Book list The ongoing civil war in Syria has brought devastation for almost a decade now, and this picture-book collaboration relates that tragedy through the hopeful and incredible true story of Mohammad Alaa Aljaleel. When the war came to Aleppo, many people fled and were forced to leave behind their animals. Alaa, an ambulance driver, began feeding the stranded cats of his abandoned neighborhood, and their numbers quickly multiplied. One social media movement later, he was able to build an animal sanctuary, as well as offer other services for local human survivors. The story of the Cat Man of Aleppo is remarkable in its own right, but it also serves as a bridge between the harsh reality in Syria and young American students, with the cats serving as a more approachable and relatable proxy for the people suffering in the background. Shimizu's lifelike illustrations capture the joy and beauty prior to the war, juxtaposing it with the horror and grief that followed. A trio of early spreads depict the trauma, violence, and mass destruction, though there is no gore, and what follows is a purely hopeful tale of love for one's homeland. What a relief to see Middle Easterners depicted as recognizably modern people through their clothing, technology, and so on rather than religious caricatures or characters from Aladdin. A safe, sobering, and hopeful introduction to the crisis in Syria.--Ronny Khuri Copyright 2020 Booklist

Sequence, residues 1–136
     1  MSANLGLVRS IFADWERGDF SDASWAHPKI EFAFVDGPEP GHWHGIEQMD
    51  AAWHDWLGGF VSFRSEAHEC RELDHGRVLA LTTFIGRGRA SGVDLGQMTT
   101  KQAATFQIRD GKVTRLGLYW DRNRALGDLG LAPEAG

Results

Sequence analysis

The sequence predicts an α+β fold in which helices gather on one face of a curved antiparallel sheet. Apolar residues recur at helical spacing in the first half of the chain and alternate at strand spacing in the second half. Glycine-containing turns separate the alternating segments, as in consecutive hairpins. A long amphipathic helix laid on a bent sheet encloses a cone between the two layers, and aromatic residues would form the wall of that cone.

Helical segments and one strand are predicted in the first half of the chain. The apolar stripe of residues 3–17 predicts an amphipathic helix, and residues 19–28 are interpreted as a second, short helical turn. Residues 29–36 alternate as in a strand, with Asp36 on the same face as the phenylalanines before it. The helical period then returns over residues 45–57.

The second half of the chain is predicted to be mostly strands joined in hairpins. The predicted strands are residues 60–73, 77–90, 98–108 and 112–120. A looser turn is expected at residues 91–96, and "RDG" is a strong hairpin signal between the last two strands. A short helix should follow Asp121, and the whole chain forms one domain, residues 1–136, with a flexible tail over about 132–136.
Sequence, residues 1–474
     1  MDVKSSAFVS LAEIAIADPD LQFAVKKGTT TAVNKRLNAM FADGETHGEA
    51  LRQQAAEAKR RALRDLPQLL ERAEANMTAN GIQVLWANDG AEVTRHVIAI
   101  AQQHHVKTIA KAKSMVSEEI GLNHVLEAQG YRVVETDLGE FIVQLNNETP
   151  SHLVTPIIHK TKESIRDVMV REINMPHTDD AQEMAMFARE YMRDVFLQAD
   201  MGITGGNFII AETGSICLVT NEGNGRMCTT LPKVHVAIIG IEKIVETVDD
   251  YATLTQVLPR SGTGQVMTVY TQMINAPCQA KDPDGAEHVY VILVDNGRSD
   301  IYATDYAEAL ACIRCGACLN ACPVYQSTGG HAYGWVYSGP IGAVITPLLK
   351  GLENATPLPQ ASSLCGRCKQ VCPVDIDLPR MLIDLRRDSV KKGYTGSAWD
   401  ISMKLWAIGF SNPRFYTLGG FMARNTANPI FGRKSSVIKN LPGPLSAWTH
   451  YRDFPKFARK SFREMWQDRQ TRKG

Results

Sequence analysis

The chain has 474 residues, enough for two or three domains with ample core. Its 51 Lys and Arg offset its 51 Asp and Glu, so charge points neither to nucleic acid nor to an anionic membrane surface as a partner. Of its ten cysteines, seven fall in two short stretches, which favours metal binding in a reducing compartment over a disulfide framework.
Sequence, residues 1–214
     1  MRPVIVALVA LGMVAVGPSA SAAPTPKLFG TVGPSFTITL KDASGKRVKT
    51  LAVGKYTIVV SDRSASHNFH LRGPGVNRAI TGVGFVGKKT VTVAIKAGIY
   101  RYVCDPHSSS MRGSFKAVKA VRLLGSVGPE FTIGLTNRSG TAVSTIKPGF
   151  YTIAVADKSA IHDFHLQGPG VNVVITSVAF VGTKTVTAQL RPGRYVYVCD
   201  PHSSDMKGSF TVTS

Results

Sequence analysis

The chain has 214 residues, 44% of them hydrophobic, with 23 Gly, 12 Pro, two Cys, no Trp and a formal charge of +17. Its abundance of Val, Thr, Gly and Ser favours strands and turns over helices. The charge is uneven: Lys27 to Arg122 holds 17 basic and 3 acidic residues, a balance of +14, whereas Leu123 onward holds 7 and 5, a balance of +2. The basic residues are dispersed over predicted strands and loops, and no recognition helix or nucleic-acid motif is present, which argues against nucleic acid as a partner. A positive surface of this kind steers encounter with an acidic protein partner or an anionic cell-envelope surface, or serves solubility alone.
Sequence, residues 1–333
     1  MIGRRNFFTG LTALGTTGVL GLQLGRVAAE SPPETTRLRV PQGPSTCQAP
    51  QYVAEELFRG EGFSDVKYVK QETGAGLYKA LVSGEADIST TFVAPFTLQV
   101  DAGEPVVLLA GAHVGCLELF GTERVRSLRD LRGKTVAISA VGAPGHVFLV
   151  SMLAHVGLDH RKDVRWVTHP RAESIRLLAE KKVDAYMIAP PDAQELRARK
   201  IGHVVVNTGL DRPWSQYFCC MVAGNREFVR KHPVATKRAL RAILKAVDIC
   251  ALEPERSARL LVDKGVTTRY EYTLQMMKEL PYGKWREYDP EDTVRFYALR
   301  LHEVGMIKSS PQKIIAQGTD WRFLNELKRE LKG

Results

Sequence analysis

From Booklist, Copyright © American Library Association. Used with permission.